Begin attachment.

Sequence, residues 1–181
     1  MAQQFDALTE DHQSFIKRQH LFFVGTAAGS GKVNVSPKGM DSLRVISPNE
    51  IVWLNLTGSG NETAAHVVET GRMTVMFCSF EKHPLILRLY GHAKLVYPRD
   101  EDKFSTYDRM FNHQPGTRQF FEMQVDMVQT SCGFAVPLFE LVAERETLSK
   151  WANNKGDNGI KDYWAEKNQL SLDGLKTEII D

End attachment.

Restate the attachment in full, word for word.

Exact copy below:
Sequence, residues 1–181
     1  MAQQFDALTE DHQSFIKRQH LFFVGTAAGS GKVNVSPKGM DSLRVISPNE
    51  IVWLNLTGSG NETAAHVVET GRMTVMFCSF EKHPLILRLY GHAKLVYPRD
   101  EDKFSTYDRM FNHQPGTRQF FEMQVDMVQT SCGFAVPLFE LVAERETLSK
   151  WANNKGDNGI KDYWAEKNQL SLDGLKTEII D